Q. The time this article is published I hope the Corona pandemic is over, but for now my question feels very relevant. I’m a father of four children trying to keep my head above water during these terrifying times. However, I’m finding it difficult to “keep it together.” I recently lost my job and feel like I have to keep my wife and children afloat both financially and emotionally. Moreover, while I’m struggling with the fear of the unknown, I’m constantly trying to break up fights between my children and help my wife at home all while trying to maintain my own sanity. I also worry constantly about my father who lives alone and suffers from a compromised immune system. How do I cope during these trying times when people I know are sick, the world is turned upside down, and I’m trying to be the role model my family expects me to be?
A. I am certain that you are not alone in this dilemma and that many others can identify with the painful and multifaceted question you present. I think the first step is to normalize every aspect of worry and confusion you bring to the table. Everyone I know, including myself, is struggling with a tremendous amount of fear related to the known and the unknown. To some extent, we are all in this together. Simultaneously, the unique set of struggles you present can cause feelings of isolation and a lack of homeostasis. In order to improve your ability to cope I’d like to suggest some tools.
First, I’d like to introduce the concept of spirituality as the most important tool. According to Deborah Cornah in her article “The Impact of Spirituality on Mental Health,” spirituality helps one embrace any form of adversity as well as promote one’s feelings of hope. She also states that spirituality enlarges one’s focus and control and helps sustain psychological wellbeing. You might find it difficult to hold onto spirituality and religion during this dire time as shuls are closed and social distancing is crucial. However, you can find unique ways to hold onto your spirituality and grow as an individual and as a family. This includes waking up early to daven, turning on energetic spiritual music, and listening to a Torah class while helping out.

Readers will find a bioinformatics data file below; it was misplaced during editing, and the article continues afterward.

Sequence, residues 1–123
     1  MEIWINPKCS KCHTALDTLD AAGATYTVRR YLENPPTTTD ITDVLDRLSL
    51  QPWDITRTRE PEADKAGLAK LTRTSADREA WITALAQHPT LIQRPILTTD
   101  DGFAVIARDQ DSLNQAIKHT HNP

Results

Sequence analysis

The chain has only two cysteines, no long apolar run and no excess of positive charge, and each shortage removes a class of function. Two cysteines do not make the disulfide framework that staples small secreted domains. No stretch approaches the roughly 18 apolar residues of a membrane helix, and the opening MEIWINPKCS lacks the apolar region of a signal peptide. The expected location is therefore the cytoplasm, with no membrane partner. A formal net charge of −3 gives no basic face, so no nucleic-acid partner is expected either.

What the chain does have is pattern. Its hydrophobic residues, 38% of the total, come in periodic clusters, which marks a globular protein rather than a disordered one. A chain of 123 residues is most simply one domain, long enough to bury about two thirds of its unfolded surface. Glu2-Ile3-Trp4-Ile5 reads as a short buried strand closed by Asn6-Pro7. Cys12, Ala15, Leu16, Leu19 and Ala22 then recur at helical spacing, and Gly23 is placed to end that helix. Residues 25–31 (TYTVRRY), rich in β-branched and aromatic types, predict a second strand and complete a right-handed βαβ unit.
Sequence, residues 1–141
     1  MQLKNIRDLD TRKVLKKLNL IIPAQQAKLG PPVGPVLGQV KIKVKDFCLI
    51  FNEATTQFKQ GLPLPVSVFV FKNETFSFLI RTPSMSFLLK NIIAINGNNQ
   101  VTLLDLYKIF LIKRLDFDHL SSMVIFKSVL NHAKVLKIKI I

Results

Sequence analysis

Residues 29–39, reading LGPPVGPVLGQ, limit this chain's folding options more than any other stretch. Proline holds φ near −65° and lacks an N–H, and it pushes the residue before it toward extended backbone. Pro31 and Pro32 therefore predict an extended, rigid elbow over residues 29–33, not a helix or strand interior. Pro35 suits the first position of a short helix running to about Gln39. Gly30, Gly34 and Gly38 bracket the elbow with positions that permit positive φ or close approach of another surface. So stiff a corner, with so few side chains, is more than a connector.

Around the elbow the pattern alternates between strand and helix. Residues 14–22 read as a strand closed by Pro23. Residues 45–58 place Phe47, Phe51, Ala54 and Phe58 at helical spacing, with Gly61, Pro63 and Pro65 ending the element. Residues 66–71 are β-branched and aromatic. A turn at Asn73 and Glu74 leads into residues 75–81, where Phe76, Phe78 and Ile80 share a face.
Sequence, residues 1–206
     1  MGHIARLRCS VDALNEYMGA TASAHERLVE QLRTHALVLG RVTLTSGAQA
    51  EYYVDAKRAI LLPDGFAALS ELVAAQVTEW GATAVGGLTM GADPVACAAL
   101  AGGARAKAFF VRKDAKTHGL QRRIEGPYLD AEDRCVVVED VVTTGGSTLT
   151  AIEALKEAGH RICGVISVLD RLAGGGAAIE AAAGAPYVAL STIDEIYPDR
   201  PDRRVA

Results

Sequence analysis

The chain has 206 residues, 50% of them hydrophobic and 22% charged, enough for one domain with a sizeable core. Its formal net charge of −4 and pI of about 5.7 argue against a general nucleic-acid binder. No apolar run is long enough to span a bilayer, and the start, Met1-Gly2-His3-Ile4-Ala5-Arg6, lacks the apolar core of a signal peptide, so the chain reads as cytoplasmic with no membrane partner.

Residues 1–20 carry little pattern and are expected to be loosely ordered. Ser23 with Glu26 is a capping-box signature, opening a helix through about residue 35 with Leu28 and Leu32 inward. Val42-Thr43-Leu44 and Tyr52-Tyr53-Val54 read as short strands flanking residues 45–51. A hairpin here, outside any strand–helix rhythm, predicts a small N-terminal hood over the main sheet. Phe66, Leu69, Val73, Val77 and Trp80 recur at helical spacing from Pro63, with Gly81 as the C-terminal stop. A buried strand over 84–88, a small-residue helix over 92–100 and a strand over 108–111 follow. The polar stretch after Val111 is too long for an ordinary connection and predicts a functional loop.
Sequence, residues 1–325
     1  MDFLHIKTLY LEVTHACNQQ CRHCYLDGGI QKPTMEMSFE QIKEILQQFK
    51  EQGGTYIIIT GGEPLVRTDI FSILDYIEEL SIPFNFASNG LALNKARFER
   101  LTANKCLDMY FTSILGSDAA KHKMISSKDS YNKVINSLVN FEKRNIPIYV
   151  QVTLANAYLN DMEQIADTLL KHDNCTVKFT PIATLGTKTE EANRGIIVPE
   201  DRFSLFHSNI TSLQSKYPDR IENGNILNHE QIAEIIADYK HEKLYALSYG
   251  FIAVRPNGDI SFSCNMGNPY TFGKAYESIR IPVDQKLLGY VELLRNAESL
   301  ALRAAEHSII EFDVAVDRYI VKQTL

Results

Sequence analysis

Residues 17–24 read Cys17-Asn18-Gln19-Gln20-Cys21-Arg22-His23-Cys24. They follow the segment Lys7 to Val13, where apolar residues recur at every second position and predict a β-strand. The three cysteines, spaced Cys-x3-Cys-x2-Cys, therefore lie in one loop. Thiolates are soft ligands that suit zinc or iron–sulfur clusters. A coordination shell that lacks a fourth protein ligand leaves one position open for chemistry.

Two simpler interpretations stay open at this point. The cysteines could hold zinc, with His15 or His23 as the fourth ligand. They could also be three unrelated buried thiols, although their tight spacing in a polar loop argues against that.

Another tool you can utilize during this difficult time is creating a routine. According to Brianna Wiest in The Thought Catalog (2018), routine creates a steady and safe feeling in your subconscious mind. Wiest also states that your routine habits improve your mood and your daily experiences. Therefore, I recommend creating a daily schedule infused with spiritualty and self-care as well as specific times you can be available to your wife and children.
You mentioned that you worry about your father on a daily basis. Perhaps you can call in grocery orders that can be delivered to his door and Facetime him on a daily basis to reduce his level of loneliness.
In addition, you mentioned that you worry because you lost your job and wonder how you’ll support your family. This must feel terrifying. You are not alone. This is the time when it’s most appropriate to ask for help. Many community organizations have been offering financial assistance due to this colossal crisis. If possible, you can carve out time daily to search for telecommuting employment to ease your financial stress.
Lastly, you mentioned feeling that you have to be a role model for your family during these difficult times. Perhaps part of being their “rock” is normalizing their fears by being somewhat transparent with your own fears. An example of a statement you can make is: “It’s normal to be afraid of the unknown, but we can get through this together.” You can also ask your wife and children: “How can we take this challenging time and grow as a family?” If your family senses your authenticity and observes your positive changes, they will be sure to follow.
In conclusion, it’s completely understandable to feel that your world has turned upside down, because it did. Therefore, remember to hold on to your sense of spirituality and routine. Learn to ask for assistance when necessary while being transparent about your feelings with your family. May we all hear good things and may Hashem bestow upon us a speedy redemption.